A First Look at Atlantis 2.0 (Chris Conley)

[ This is an article from the Play-By-Electronic-Mail Fanzine, v95n2, which was published on February 13, 1995. ]

Atlantis 2.0 is the latest version of the PBeM game which was created almost two years ago. Geoff Dunbar, the GM of 2.0, has taken up the challenge issued by Russell Wallace to complete the v2.0 code, which dramatically changes the face of the game. I'm running `Rainbow Mayhem Unlimited,' a group of free-lance wizards (well, eventually - see below) who intend to use spellcraft and cunning to shape the face of the world (or at least slaughter some hopeless brutes and mess with a warlord or two). Then again, maybe I'm not...

(Articles about the 2 previous incarnations of Atlantis can be found in PBEM magazine archives, in v93n03, v93n05 and v94n03).

There are a number of changes in this version of Atlantis. Units are now broken down into races: base races, such as wood elves, tribesmen and the like, who can only learn a single skill to a limited level; and "leaders", who can learn multiple skills up to the maximum level. NPC "City Guards" protect players just entering the world of Atlantis, while city markets provide players with an alternative to the almost non-existent inter-player trade in Atlantis 1.0. Winter months can slow down travel, while horses and the reported flying mounts will allow a unit to rapidly traverse the world. The magic system is much more complex, with seven different spell areas (however, there are only twelve total spells at this point, so in-depth Magic research is not advisable at the present. What's an aspiring Warlock to do?).

There are two changes that dominate the game, however: the introduction of faction types, and the changes in taxation rules. While the faction types are, on the surface, very major, it is my opinion that the taxation rules will provide the greatest amount of change. Anyhow...

Unlike in Atlantis 1.0 and 1.1, a single player faction cannot do everything; or, rather, they can't do everything well. Each faction has a specified faction type. The broad types are War, Trade and Magic; players can also select hybrid types, like War/Magic, or even Generic (which is a combination of all three). These types can be changed only once each game year; it seems likely that most players will select a permanent type by the second year of the game.

Each broad type has certain abilities that only it can use. War factions are the only type allowed to tax peasants; only Trade factions can produce goods and build structures or ships; and mages are only allowed to train magic-users. Hybrid factions can overcome the absolute restrictions of the Types, but are highly limited: While war and trade factions can tax and produce, respectively, in up to 100 provinces, War/XXX or Trade/XXX factions can only tax or produce in 5. Magic factions are allowed to train 5 mages, while Magic/XXX factions can train only two. Generic faction are allowed to tax and produce in two provinces each and train a single mage.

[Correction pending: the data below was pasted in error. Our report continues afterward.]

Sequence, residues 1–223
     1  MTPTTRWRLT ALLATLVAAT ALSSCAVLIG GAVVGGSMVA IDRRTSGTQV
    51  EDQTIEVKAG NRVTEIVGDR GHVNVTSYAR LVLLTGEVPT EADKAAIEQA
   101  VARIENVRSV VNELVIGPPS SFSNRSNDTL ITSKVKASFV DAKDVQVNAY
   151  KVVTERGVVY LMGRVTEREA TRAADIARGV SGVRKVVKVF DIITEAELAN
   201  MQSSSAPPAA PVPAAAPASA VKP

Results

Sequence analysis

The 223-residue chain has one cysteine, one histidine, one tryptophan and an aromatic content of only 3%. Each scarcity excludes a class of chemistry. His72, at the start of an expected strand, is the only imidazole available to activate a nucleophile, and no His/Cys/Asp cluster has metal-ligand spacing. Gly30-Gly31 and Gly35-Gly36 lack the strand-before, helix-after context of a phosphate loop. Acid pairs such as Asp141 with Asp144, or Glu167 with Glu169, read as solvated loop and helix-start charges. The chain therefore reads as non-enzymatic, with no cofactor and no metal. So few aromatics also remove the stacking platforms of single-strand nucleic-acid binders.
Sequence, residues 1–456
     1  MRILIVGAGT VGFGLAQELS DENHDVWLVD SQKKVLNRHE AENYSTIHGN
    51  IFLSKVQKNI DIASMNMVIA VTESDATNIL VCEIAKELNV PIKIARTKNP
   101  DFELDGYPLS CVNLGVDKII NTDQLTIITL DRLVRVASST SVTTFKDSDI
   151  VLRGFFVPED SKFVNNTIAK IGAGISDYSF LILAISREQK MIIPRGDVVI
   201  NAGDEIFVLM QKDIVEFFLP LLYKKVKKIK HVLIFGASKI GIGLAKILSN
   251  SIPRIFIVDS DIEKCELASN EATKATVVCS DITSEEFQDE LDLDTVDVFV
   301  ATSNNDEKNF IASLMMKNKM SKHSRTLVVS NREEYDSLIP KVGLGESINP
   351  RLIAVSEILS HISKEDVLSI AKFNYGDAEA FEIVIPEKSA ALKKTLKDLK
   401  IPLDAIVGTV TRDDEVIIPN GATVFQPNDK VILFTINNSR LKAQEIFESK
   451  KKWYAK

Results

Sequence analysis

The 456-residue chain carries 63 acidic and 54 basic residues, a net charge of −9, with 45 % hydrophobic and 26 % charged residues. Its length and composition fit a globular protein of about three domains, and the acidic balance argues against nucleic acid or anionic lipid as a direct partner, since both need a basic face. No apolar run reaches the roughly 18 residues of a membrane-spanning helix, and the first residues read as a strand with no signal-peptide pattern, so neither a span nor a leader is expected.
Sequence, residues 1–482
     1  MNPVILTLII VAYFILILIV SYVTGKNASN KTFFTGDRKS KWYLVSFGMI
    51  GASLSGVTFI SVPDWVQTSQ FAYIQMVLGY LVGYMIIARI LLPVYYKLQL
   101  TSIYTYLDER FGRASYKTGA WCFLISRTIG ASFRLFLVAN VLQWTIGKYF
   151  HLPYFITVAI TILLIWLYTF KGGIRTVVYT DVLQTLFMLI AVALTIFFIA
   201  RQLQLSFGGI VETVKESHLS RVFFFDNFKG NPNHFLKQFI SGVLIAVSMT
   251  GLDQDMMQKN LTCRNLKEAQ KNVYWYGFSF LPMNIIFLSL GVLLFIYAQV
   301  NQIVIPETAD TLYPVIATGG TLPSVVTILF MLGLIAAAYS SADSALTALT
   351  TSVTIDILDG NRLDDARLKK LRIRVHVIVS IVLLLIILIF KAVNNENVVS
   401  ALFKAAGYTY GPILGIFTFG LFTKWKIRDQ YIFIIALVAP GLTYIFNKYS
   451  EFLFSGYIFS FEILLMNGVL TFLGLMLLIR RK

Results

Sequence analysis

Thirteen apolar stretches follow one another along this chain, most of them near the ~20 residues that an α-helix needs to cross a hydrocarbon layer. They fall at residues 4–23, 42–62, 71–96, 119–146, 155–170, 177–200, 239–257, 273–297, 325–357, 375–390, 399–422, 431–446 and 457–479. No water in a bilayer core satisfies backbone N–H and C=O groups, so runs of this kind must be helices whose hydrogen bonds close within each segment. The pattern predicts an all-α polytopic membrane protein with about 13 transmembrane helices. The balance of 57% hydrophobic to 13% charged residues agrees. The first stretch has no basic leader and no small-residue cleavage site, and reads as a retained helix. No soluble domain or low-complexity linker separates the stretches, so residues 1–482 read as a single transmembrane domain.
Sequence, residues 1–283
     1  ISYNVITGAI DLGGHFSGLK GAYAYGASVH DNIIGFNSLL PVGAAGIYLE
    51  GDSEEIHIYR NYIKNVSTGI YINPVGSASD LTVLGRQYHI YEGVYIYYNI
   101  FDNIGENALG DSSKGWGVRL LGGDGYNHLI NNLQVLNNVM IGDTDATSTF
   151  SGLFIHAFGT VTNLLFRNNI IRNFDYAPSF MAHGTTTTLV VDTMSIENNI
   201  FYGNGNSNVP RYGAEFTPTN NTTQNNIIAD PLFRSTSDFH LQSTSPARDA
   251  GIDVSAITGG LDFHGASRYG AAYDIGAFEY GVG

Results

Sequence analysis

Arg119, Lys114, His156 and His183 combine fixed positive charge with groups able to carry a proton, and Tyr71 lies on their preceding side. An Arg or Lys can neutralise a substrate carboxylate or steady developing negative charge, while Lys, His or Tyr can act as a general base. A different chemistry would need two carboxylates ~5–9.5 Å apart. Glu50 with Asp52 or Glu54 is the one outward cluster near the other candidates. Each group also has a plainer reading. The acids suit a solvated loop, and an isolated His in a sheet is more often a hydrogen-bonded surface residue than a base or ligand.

In other words, the name of the game is cooperation. A War faction and a Trade faction working together can equal the maximum production of 20 War/Trade hybrid factions. An alliance composed of 1 War, 1 Trade and 3 Magic factions has 15 times the magepower and 50 times the tax/production capacity of a single Generic faction. Friends are everything.

On the individual level, then, this is quite a major change in the game. In fact, it nearly eliminates some options - it really is not possible to carve out one's own empire, unless there's a city out there that sells a lot of swords. However, I don't expect this to really change the overall flow of the game; alliances may need to be composed of unlike parts, but there will still be groups bent on conquest or revenge or "liberte'" or whatever catches their fancy. The problem of coordination will occur, but I don't think that it will be any more important than it would be if all of the factions in the alliance were alike. The possibility of duplicity is certainly stronger - if the War faction switches alliances, a measly little Trade faction is going to be crushed - but this rarely seems to happen in "open-ended" games.

On the other hand, the ability to tax without weapons should result in a major change in game dynamics. Resource control will no longer be critical, resulting in far fewer conflicts at the beginning of the game - if two alliances fight each other, they'll both be swept under the rug by a third who has spent its time expanding and preparing. Eventually, of course, alliances will start to butt heads - that's really what we're here for, after all - but resource control will no longer be the only means of victory. This, at least, seems to be a major change for the better; I'd rather win a war because I had a better strategy than because I happened to pick the right direction in which to explore.

What's the end result? Faction type adds what Russell Wallace might have termed "needless complexity" to the game - it makes things more difficult without really adding or changing anything on the large scale. The tax changes will allow folks to spread out more without immediate conflict (as will the variety of initial cities, which is a very nice addition). The magic system is the great unknown - in fact, since Geoff is soliciting ideas for spells even now, it's likely to remain that way. (Did I mention my suggestion for the "Dr. Pain" spell yet?) All in all, I am not yet sure what's going to happen, which is exactly why I wanted to play in the first place.

If you want to get more information, you can ftp various items from ftp.rahul.net, /pub/atlantis; for more information, or to join the game, write to atlantis@rahul.net.

Come join the merry fray!

Chris Conley <quixote@hing.LCS.MIT.EDU>

(Edited by Greg Lindahl) (lindahl@pbm.com)